EM rout presents a challenge to Japan's weak yen policy

While many pundits – including me – expect the yen to weaken this year, the market never moves in a straight line. The crisis in emerging markets is negative for the yen over the longer term, yet in the short term it's a big positive that will likely see the yen gain strength as the turmoil continues.

The emerging market crisis is bad for Japan in the long term as these are important markets for Japanese goods. Over half of Japan's exports go to emerging markets, with 18 percent going to China alone and 29 percent going to Greater China, including Taiwan and Hong Kong. Thus, a slowdown in these markets or a reduction in their purchasing power would offset to some degree the boost to exports that Japan gets from a weaker yen.

(Read more: Stand by: EM turmoil sparks credit crunch fears)

However, it may help to increase inflation insofar as the price of imports rises, but that's "bad inflation", not "good inflation" stemming from a rise in demand that allows companies to raise their profits and prices.

Sha Ying | CNBC

But before that happens, the yen is susceptible to safe-haven flows. That is, when people get nervous about their investments, they tend to buy currencies that are considered particularly safe, especially the yen and the Swiss Franc.

The Swiss Franc I can see – Switzerland is a neutral country with a thriving economy, a large current account surplus, and virtually no government debt. But in Japan there are a number of red flags: the economy is slowing; the trade surplus has turned into a persistent deficit; the population is aging and shrinking faster than almost anywhere else; and to top it all off, the government's finances are a mess – it's more indebted than Greece, a country that nearly blew up the euro zone.

This issue has puzzled others as well. Some researchers at the IMF recently did a study of the yen as a safe-haven currency and determined that yes, it did have that quality, owing to its strong net foreign asset position and its large and liquid financial markets, particularly the currency market.

(Read more: Emerging markets—Is it time to bottom fish?)

The study concluded that unlike the Swiss Franc, the yen appreciates during risk-off periods not because of capital flows or expectations about Japanese monetary policy, but rather through changes in investors' portfolios using offshore derivative transactions. It's not even clear that any money actually changes hands; it's possible that prices adjust to changes in belief that are common to market participants. In other words, the yen might be appreciating during risk-off periods just because people expect it to.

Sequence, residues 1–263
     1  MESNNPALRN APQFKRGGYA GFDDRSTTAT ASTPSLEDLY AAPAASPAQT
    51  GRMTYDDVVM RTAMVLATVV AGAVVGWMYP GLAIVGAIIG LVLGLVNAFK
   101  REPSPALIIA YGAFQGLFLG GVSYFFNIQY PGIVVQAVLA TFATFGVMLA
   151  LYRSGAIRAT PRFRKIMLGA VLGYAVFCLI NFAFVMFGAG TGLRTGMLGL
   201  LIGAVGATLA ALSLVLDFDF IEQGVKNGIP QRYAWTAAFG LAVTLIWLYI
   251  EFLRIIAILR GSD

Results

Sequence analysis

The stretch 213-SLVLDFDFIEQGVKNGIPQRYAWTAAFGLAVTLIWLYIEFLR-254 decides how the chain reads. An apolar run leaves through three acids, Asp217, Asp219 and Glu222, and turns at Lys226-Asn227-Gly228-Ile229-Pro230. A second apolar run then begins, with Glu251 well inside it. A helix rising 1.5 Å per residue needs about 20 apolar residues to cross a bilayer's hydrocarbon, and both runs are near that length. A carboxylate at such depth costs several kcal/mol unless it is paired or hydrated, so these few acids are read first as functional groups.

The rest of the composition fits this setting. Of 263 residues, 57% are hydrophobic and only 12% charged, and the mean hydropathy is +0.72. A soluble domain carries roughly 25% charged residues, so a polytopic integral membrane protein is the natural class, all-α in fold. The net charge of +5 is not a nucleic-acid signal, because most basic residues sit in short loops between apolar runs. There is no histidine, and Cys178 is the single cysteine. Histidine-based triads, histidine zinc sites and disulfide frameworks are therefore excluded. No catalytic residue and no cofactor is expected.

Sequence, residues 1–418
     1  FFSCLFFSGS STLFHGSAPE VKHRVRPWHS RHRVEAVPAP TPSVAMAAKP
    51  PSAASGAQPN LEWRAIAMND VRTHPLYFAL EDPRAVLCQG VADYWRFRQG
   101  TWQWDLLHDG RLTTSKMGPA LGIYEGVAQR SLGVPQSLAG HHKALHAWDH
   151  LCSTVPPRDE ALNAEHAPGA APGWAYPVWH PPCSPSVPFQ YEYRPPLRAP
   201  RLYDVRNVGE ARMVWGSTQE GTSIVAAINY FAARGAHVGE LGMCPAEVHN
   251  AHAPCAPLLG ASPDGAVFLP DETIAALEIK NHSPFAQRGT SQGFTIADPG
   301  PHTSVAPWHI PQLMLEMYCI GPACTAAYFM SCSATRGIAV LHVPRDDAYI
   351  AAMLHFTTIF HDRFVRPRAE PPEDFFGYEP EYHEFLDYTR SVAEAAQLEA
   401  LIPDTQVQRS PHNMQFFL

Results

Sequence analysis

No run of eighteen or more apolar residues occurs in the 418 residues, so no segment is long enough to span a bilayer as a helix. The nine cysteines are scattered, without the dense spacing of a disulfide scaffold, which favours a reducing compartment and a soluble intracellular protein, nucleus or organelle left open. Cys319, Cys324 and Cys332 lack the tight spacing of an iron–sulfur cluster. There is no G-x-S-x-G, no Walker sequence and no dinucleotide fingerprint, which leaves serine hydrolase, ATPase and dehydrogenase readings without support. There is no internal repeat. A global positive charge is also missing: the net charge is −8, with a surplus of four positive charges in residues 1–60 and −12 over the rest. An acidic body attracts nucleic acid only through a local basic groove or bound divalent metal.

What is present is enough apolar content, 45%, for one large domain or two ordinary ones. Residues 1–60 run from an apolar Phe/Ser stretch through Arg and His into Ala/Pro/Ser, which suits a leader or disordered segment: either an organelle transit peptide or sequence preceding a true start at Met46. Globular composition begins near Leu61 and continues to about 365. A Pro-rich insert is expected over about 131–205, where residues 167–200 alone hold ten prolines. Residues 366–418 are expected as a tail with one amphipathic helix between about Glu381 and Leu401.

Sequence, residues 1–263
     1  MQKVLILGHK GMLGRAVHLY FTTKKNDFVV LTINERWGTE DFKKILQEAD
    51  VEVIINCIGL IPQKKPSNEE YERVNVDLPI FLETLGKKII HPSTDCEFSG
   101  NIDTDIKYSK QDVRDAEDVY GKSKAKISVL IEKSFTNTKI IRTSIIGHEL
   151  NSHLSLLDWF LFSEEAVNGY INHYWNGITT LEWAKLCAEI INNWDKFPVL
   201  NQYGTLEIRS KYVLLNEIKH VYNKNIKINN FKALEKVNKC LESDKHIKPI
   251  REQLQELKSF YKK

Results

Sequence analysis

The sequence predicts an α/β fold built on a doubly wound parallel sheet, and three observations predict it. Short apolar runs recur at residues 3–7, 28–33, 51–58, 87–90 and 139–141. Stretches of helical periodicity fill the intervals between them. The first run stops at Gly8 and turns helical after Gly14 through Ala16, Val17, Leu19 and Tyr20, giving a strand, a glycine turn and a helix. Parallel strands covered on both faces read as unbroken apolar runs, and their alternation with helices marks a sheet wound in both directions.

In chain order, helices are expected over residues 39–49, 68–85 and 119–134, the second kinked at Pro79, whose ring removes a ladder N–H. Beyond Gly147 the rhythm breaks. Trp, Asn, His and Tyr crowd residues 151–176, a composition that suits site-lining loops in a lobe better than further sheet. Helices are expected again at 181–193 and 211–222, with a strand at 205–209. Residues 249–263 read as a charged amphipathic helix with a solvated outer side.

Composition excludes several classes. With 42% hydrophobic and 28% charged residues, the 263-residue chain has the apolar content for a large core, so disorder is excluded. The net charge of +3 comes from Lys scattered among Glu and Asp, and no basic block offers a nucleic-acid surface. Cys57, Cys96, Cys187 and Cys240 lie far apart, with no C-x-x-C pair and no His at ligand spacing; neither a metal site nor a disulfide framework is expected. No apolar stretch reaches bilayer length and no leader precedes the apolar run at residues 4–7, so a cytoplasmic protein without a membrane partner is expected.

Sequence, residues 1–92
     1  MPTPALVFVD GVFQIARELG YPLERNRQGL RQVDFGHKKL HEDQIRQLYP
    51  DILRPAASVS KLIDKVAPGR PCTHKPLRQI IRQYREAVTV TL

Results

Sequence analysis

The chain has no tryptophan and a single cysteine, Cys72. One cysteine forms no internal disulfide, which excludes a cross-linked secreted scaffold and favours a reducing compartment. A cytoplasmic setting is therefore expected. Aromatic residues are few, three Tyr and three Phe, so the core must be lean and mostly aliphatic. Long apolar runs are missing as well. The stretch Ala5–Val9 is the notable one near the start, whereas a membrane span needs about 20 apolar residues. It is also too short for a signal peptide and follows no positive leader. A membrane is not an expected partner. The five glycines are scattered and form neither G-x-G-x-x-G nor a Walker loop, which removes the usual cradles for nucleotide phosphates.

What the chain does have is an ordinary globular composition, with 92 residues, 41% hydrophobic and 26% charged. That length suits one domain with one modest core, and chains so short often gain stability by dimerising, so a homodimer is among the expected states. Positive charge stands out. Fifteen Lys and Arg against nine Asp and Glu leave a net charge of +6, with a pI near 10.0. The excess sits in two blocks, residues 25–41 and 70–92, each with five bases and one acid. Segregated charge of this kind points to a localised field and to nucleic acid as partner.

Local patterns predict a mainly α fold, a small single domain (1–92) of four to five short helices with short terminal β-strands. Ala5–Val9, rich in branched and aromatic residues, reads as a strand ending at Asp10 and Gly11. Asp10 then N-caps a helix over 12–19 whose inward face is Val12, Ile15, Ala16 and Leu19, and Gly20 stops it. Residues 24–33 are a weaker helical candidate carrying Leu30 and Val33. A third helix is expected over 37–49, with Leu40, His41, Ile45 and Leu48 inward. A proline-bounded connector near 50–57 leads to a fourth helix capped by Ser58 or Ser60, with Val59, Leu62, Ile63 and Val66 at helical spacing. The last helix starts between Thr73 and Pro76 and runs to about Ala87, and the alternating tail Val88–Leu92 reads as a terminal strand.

Whatever the reason, it tends to happen when there are problems in emerging markets. For example, during the 2011 EM rout, when EM stocks fell 27 percent between July and September, the USD/JPY moved in tandem with EM stocks. The yen appreciated 6.4 percent against the dollar during that period, eventually hitting a record high in October of that year. We're now seeing a similar episode.


What might turn the yen around?

If the yen starts to strengthen too much, then we will probably start hearing comments from government officials about how currencies should reflect fundamentals and that they are watching the markets closely – hints that they are considering intervention. In the current environment, when EM countries are already upset about the Federal Reserve's refusal to consider the global impact of their policy, I doubt if the Japanese authorities would intervene directly in the market.

However, the EM crisis could encourage the Bank of Japan to add to its support for the economy in an attempt to offset the likely drop in overseas demand just when the government is hiking the consumption tax.

(Read more: The 3 culprits behind the emerging markets rout)

In any event, the EM crisis does not seem likely to end any time soon, thus it appears that the yen will continue to appreciate for some time. I wouldn't be surprised to see USD/JPY at around 98 in the not-too-distant future if the current uncertainty persists. That would be weak support at the 76.4 percent retracement of the rally from the pair's October 2011 lows. Stronger support would be at the 61.8 percent retracement level , but that's at 93.95 – we would need to see a much greater intensification of the EM rout to hit that level.

Perhaps the best hope for yen bulls is that economic indicators in the U.S., which have been disappointing recently, become so disappointing that the Fed stops tapering. That would be disappointing in its own way: substituting monetary stimulus for real growth. But it's not unthinkable at this point.

The author is the Head of Global FX Strategy at IronFX, an on-line trading firm specializing in Forex, CFDs on U.S. and U.K. stocks, and commodities. He was previously Head of the Forex Committee at Deutsche Bank Private Wealth Management.